WASHINGTON (CN) – Democratic House leader have announced their plan to hold a pivotal vote on health care this week. After weeks of hinting about the use of reconciliation, Democrats appear poised to use the simple majority vote to try to push through the long-debated legislation.
Democrats said Friday that the House first would vote on the Senate health bill, already approved by a super-majority of senators. President Obama would then sign the bill into law before the two houses could negotiate changes in a separate package.
The changes would be subject to the reconciliation procedure, which requires a simple majority vote in the Senate.
Passing the Senate bill in full requires a leap of faith by House members. Senators have said they can’t use reconciliation until the bill being amended has been signed into law.
Obama has called on lawmakers to hold a final vote on health reform after a year of sometimes vicious debate on the floors, emotional protests and rowdy town-hall meetings. Success on the health front could give momentum to other items on his agenda, such as the sizeable climate and finance reform bills.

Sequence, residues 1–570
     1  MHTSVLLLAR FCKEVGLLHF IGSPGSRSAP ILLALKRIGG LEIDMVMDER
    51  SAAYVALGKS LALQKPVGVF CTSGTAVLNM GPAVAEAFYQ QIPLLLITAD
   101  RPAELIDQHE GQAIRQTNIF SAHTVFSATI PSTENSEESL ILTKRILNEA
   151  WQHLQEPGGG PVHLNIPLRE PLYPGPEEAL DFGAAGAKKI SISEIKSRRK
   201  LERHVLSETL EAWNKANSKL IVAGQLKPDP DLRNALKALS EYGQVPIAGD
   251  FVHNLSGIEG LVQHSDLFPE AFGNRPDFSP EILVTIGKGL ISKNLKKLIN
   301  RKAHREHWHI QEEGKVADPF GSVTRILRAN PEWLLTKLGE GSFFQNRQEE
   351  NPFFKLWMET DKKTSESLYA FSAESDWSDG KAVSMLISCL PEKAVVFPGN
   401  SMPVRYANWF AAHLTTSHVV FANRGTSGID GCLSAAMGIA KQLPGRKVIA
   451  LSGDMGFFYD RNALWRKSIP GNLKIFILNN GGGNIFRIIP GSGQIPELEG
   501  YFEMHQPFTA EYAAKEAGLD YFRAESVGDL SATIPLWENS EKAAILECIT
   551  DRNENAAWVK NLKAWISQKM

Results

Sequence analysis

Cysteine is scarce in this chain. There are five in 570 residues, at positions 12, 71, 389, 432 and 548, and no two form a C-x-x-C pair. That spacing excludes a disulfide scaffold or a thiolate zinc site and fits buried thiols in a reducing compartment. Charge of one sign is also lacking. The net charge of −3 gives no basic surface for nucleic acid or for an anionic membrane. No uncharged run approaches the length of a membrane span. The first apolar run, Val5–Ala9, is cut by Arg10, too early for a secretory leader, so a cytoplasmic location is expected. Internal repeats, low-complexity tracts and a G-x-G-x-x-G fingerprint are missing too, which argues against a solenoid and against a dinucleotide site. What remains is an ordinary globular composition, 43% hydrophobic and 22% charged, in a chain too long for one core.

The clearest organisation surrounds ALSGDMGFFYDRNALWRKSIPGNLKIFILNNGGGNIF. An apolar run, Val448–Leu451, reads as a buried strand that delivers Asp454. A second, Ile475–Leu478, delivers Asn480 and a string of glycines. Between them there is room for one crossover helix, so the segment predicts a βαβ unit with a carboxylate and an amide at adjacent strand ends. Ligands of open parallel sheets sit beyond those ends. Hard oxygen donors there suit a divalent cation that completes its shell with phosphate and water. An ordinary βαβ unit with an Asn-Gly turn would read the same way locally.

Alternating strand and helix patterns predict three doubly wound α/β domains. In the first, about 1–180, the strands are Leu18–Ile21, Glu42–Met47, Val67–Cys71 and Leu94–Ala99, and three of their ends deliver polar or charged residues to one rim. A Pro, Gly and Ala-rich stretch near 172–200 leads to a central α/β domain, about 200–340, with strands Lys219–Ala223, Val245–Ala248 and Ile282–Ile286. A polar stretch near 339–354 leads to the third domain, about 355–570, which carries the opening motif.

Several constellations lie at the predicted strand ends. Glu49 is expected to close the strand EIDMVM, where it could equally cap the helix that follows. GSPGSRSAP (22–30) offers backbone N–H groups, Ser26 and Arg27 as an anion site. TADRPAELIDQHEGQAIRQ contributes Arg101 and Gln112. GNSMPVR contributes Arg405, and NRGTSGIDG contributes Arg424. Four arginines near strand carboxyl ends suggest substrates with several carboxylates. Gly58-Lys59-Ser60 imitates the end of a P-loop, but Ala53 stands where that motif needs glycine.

The White House said Obama delayed his trip to Australia and Indonesia to make press Congress to push through the health reforms.
Democrats shifted their approach after the health bills that passed in the House and Senate stalled during negotiations to combine them. Democrats have been planning how to finish the job and have chosen reconciliation over the objections of the minority.
All but one Republican voted against the health care bill.
Senate Majority Leader Harry Reid notified Republicans in a letter on Thursday that he planned to use the reconciliation process. He said Republicans “have spent the past year mischaracterizing the health reform bill and misleading the public” with “repeatedly debunked myths and outright lies.”
Reid said Republican tactics to delay the health care bill “are rooted less in substantive policy concerns and more in a partisan desire to discredit Democrats, bolster Republicans, and protect the status quo on behalf of the insurance industry.”
“We will finish the job,” Reid said, noting that the legislation was already passed by a super-majority in the Senate and by a majority in the House.
Reid ended his letter by noting that the vast majority of bills passed using reconciliation were developed by a Republican Congress and signed into law by a Republican president, and he pointed specifically to a bill cutting taxes for the wealthy.
“Given this history, one might conclude that Republicans believe a majority vote is sufficient to increase the deficit and benefit the super-rich, but not to reduce the deficit and benefit the middle class,” Reid wrote. “Alternatively, perhaps Republicans believe a majority vote is appropriate only when Republicans are in the majority. Either way, we disagree.”